Prompt: When his daughter was born the oracle told the evil ruler that his grandson would one day kill him. But instead of trying to prevent the prophecy the ruler decides to be the best parent and grandparent, giving his grandson no motivation to fulfill the prophecy.
“Your daughter, born after the city’s slaughter, will give birth to a son, by whom you will be undone.”
I laughed and was a little surprised when the oracle didn’t flinch.
“You’re kidding, right?” I said. “That rhyme is terrible.” I looked over at Raquel, my queen, who sat in the throne beside me.
She looked ravishing in her red dress. It was hard to believe she’d given birth just a few weeks ago. The jewels in her crown, won by the conquest of the city of Larrakesh, sparkled as she turned her head toward me. She gestured toward the oracle, who stood beside the greatest jewel from that campaign – our daughter, Adira, conceived as we celebrated the victory over the barbarians who lived across the sea.
“He’s never been wrong before.” She said with a shrug.
I stared at the oracle. “You truly foretell the future?” I eventually asked.
“Having eyes, you cannot see; you plan for futures that cannot be.” the man said. He lifted his bowed head, showing me his empty eye-sockets. . “Though I am blind, my visions bind; your future I do not make, but these sights I do not fake.”
“Okay,” I said. I waved my hand to the royal guard. “I think we’ve heard enough. Take him away.” I stood and walked over to the banquet table. I grabbed a goblet and began to drink. I turned to comment to the queen and saw the guards still standing there with the oracle. I raised my eyebrows. “Well?”
One of the guards cleared his throat. “Your majesty, where would you like us to take him to?”
“The dungeon, the chopping block. I don’t care! Just out of my sight. Forever! I never want to hear a bad rhyme again!”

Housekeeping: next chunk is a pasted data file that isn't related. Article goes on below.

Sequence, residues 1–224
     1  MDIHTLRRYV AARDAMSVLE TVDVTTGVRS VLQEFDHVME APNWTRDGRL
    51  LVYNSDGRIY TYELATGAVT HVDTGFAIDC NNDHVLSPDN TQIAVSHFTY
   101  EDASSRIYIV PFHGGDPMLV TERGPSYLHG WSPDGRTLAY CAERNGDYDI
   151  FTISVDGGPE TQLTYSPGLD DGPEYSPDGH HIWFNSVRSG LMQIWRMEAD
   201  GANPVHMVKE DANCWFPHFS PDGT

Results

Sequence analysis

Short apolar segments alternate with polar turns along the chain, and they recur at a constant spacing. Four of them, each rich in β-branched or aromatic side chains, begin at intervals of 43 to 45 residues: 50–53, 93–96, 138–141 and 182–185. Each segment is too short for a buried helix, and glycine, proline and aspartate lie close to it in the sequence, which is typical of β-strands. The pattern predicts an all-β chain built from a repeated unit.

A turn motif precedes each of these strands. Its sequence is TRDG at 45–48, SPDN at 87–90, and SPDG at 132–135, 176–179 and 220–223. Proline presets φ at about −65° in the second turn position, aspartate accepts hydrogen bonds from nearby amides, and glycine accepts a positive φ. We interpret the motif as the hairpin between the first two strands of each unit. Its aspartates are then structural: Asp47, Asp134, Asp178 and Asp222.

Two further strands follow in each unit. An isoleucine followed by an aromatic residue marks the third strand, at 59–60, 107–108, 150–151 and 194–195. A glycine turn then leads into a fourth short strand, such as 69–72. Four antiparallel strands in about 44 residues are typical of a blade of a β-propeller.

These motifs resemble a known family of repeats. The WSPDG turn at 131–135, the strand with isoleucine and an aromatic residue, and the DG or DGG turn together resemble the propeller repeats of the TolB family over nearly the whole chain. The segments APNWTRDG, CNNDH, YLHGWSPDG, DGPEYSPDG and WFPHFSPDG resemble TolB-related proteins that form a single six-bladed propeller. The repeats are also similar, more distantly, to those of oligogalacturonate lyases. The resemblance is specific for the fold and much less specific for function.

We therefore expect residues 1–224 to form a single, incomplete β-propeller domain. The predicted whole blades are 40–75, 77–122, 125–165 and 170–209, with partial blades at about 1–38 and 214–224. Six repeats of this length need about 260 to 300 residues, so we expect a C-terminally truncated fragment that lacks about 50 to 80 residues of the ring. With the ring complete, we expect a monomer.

“Yes, sir,” the guard said, bowing. He and his companion grabbed the oracle’s arms and began walking toward the door.
“Wait!” The queen’s voice stopped the guards in their tracks. “Oracle, what does it mean that your lord will be undone by his grandson?”
The oracle turned his sightless gaze toward me, rather than her. “For his duty to fulfill, the realm’s ruler he must kill.”
I narrowed my eyes. The queen went a little more pale. “And is there any way to avoid this prophecy?”
Continuing to look at me, the oracle said, “I can only state what is handed out by fate. Always in the past have my visions held on fast. I have never been shown a path to avoid God’s terrible wrath.”
“God’s wrath? Do you think I fear that?” I set down the goblet and looked around the room. The courtiers were whispering and giving each other nervous looks. I walked toward the oracle and pulled out my sword. “I will have you know, oracle, that my daughter will love me.”
As I approached, I swung my arm back, then plunged the sword into the man’s guts. “I will be the doting father. And her children will only have reason to revere me.”
I twisted the sword and the man cried out in pain. I pulled out my sword and turned my back on him, wiping my sword with the cloth that a servant brought to me.
“Though my body you…may…kill, see me again…you will.” The man breathed out, just loud enough for me to hear. I continued to walk toward my throne.
“Clean up that mess.” I ordered.
“Garosh! What have you done?” Raquel stood and cried out.
“He was a terrible poet. And if I ever do see him again, he will eat his words. My grandson will love me more than life itself.”
Adira and I sat at the table, playing an intriguing game of chess. After I took her bishop I chuckled.
“Why do you laugh, father?”
“Because you do not see the mistake you just made,” I replied.